It is expensive. The government too often seems to be suggesting that, if we provide flexible training, it will be something that is cheaper to do. It is actually expensive to make sure that you are offering classes at all different times of day, that you are fitting the needs of different employers, that you are meeting the needs of those who are attending from the different age groups and with all of the different sorts of arrangements that people have when working shifts 24 hours a day, seven days a week, when we want on-the-job training and off-the-job training. It is very demanding. To provide it properly and flexibly, we do need to make sure that we spend enough money on it.

I am concerned that there are stories of abuses, particularly in Victoria where the TAFE sector has taken a bit of a beating over the years of the Kennett government in combination with some cutbacks of this coalition government. We have seen that there are some employers who are prepared to cost cut and who regard training staff and apprenticeships as a way of getting cheap labour. I think they undermine this program for all of the other participants. They clearly are not the majority. But we need to make sure that we have some quality controls in place so that people are not abused, and that we make sure that the sorts of training and qualifications they receive will be valuable in the future.

I know that previous speakers have talked briefly about the Schofield reports that have been done in various states and one, indeed, that has recently been released in May this year on the state of Victoria's apprenticeship and traineeship system. Whilst the system has been given a bill of health in a number of aspects, there are some serious criticisms that must be taken on board. I am pleased to see that one of the local state members in my electorate who happens to be the Minister for Post Compulsory Education, Training and Employment, Ms Lynne Kosky, has taken up some of the challenges that were set out in that report and is identifying ways of making the system better.

However, Ms Kosky has been reported elsewhere as stating—I think it is worth repeating—that we cannot actually fix the system in Victoria, without the federal government being prepared to put in some extra money and at least meet the growth in demand and the growth in the system. If we do not do that, we will have to sacrifice one thing or the other: we will have to sacrifice the number of people who have access to the system, or we will have to sacrifice its quality. Neither of those seems to be a suitable or an appropriate thing for a federal government to be trying to encourage, when we all recognise the importance of education, training and skills. It seems that on this side of the House our recognition of it is also coupled with our commitment to make it a priority and to spend some money in this area.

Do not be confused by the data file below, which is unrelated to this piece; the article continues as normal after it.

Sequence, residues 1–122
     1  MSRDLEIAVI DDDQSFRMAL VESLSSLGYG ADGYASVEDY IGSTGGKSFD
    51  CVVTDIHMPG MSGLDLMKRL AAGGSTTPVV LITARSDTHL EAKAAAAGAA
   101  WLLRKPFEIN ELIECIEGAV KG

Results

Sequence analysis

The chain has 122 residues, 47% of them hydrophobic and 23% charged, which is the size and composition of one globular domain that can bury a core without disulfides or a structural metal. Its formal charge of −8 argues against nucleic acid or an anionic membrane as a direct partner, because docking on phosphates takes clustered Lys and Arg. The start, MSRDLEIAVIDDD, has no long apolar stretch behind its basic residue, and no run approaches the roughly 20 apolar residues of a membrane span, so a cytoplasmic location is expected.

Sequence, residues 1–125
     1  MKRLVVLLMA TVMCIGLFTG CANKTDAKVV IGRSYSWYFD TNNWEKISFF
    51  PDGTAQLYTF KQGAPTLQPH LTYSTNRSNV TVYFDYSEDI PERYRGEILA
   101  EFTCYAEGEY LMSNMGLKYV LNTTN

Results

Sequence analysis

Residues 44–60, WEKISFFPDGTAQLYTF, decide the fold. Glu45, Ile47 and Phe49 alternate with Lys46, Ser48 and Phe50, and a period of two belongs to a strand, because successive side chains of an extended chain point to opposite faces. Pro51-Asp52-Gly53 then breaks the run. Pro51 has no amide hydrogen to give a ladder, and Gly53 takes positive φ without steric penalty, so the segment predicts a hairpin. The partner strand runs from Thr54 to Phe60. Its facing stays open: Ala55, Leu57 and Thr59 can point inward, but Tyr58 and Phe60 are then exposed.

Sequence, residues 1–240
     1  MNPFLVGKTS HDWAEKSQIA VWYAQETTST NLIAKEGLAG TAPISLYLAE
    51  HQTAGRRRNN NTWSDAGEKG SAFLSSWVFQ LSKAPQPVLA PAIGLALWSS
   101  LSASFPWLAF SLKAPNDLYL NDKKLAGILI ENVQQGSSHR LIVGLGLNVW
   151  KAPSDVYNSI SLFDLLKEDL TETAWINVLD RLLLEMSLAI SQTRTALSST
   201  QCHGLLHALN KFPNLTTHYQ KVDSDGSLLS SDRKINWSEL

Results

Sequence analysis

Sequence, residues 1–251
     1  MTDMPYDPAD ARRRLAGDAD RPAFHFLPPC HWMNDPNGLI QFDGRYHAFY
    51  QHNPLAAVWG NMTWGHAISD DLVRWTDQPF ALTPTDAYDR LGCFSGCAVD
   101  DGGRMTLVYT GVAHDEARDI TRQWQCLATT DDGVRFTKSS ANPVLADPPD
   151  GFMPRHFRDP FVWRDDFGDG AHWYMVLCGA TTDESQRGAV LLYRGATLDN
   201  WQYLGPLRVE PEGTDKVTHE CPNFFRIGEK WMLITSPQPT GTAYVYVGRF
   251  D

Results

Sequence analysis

I would like to refer as well to the Pathways program that has been announced by the Victorian state government. That is a pilot initiative to try and deal with those most-at-risk students who have difficulty in staying at school and who are at risk of dropping out—they are potentially at risk of dropping out of the community as a whole, and they are certainly at risk of not moving straight on into employment. The Pathways program is trying to look at another form of flexible delivery of training that will keep students active, interested, engaged and able to get some skills that will help them move into the work force. I commend the state government for taking that approach and I hope further initiatives will be picked up as a result of the review. I also hope that, in discussions over the appropriate funding arrangements that will be negotiated through ANTA, this federal government will understand the vital importance of properly funding the system.

I am concentrating a little bit on Victoria. I am Victorian, as I know is my colleague who is about to speak on this matter. But this is something where perhaps we need some extra attention to make sure that we get the system back in place. In my electorate of Gellibrand—just finally in the comments I want to make on this issue—the Victoria University, as I indicated at the start, has both TAFE and university campuses. I have spoken with those who attend there, students and staff, many times and discovered that one of the great difficulties is that conflicts constantly occur in the different standards, eligibility criteria, funding support and entitlements that are received at the federal level and the state level for access to courses and support for students. It even gets down to the level of support for child-care arrangements, as these are different depending on whether you are at a TAFE campus or a university campus—not even if you are a TAFE student or a university student. I think we need to look at a way of smoothing the system so that there is more consistency. Our object should always be to encourage more participants in furthering their training and education and, hopefully, improving their employment prospects in the future.